It’s time to update on some basic SEO and site management topics! We are focused on systematics and will try to give some advice not only to those who are studying the right solutions for creating a new project, but also instructions on how to make an already launched site that is trying to get off the ground more efficient.
What is taxonomy?
By website taxonomy, sometimes also called URL taxonomy, we mean the way our pages are structured into different categories or tag containers based on the conceptual organization of the site.
What is a taxonomy for?
The origins of taxonomy and the process of categorizing elements go back to the very origins of language, and therefore to the dawn of thought: at first, people used the same names to identify more or less similar organisms characterized by common features.
Taxonomy applied to sites
Returning to the questions we are interested in, what was written above applies perfectly to sites: a taxonomy helps to classify all documents, web pages, and related URLs in a hierarchical way using communication principles and concepts, and aims to clarify and make an unambiguous interpretation for search engines and users.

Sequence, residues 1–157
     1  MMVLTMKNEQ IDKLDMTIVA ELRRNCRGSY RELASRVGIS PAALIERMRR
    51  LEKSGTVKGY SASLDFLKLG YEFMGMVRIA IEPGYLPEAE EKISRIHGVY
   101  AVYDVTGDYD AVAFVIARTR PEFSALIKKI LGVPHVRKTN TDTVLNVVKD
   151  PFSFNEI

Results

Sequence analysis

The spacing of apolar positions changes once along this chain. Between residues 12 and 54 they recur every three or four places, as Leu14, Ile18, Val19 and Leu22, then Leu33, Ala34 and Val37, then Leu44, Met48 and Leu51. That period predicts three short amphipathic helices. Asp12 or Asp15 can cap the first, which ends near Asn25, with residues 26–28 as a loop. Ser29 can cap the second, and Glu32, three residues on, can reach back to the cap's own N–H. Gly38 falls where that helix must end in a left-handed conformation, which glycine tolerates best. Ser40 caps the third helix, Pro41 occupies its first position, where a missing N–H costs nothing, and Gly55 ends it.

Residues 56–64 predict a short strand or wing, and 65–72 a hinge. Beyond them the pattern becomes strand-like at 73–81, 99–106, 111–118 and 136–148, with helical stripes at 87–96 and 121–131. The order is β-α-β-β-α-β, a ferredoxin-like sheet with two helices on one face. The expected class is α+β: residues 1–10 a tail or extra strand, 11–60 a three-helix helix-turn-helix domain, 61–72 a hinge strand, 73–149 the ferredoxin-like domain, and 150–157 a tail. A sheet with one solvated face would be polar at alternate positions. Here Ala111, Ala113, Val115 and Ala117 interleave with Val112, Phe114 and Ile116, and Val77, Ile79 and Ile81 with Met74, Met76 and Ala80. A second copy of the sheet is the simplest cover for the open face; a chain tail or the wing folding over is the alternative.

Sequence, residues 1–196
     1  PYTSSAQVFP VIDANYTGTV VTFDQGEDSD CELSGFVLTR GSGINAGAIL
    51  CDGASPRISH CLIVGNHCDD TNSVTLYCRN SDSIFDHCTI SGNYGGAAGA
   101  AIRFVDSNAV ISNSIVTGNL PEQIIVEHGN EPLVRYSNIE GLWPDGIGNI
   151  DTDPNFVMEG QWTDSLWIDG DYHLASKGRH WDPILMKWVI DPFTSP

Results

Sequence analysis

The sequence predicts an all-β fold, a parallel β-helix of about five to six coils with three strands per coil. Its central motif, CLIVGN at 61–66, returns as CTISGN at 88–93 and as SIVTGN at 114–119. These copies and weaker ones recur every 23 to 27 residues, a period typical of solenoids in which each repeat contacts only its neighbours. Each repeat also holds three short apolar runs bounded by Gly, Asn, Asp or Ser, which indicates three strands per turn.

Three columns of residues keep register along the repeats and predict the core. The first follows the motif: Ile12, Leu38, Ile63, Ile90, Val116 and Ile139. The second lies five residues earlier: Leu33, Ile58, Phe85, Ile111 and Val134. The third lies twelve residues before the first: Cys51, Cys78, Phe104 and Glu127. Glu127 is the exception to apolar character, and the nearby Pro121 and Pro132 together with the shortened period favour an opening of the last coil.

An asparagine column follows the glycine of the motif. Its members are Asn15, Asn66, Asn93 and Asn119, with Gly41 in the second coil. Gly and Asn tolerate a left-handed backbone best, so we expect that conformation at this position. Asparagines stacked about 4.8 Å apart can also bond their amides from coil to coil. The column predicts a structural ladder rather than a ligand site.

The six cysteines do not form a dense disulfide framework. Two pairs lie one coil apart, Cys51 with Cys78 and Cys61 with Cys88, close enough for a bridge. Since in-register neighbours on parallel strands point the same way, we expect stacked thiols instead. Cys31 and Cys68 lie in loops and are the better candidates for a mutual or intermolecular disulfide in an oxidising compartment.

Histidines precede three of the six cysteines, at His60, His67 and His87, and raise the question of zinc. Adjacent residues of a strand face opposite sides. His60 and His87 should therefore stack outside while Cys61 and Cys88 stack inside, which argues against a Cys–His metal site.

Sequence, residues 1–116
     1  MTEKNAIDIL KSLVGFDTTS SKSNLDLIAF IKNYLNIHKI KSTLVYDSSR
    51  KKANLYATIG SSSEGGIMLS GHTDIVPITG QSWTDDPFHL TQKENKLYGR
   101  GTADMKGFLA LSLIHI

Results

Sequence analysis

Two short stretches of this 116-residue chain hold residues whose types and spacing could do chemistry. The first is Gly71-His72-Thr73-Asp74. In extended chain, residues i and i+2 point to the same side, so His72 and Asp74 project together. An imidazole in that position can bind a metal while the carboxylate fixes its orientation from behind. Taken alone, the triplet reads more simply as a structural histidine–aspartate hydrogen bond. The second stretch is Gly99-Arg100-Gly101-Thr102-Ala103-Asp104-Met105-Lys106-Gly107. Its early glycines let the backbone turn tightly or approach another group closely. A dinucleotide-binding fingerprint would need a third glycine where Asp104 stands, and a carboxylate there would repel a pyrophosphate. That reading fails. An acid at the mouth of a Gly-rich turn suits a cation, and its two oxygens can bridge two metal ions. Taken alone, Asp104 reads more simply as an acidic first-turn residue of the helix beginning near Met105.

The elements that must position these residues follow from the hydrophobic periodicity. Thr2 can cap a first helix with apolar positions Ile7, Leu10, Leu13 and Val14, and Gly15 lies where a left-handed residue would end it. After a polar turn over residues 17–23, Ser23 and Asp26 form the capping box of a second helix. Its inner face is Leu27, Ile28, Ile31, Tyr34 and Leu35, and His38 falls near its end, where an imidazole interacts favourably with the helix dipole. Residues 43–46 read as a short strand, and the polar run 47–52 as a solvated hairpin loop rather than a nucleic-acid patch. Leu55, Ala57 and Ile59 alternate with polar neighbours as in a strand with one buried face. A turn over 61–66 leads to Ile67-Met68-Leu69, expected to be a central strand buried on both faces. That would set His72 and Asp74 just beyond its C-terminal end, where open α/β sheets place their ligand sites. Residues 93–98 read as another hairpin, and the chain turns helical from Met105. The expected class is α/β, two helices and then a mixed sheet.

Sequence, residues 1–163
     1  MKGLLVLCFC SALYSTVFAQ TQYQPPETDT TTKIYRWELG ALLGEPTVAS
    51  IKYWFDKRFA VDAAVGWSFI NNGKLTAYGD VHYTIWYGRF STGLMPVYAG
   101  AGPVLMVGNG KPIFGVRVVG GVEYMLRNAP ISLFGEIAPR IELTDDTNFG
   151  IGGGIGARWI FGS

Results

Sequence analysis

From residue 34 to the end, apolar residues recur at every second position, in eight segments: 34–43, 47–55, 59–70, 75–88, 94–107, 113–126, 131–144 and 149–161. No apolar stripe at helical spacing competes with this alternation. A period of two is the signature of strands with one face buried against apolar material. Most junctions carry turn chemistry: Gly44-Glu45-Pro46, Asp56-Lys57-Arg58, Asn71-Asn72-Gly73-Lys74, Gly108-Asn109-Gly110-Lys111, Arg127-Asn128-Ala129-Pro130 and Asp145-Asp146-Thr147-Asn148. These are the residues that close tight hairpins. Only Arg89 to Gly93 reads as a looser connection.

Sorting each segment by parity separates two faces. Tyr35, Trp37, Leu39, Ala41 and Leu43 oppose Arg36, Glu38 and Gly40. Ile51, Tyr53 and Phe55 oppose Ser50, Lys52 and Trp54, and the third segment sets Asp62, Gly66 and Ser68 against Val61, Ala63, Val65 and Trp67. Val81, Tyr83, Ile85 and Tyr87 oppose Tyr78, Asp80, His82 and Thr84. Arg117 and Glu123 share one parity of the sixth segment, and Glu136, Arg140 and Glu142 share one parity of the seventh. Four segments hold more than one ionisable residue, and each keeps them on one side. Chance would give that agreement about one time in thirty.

In short, it helps improve the usability of the site itself: by opening and browsing categories, visitors have easier access to content and faster identification of the pages associated with each container. In this way, they can move within the site with greater clarity and without confusion, factors that can facilitate their persistence and reduce abandonment rates.
At the same time, effective management communicates better and more directly to search engine сrawlers what the site is about and what the main themes of the project are, with potential ranking benefits.
Taxonomy and URL structure
Setting up a well-optimized website taxonomy is essential to building a scalable SEO strategy, and performance is also closely related to how we manage our URL structure and, in particular, subfolders.
Whenever we create a new page, its specific name is a slug, which is the last part of the address; for sites that choose to display the URL path with a visible category, the new page becomes a child of the parent section, which appears as a subfolder in the path.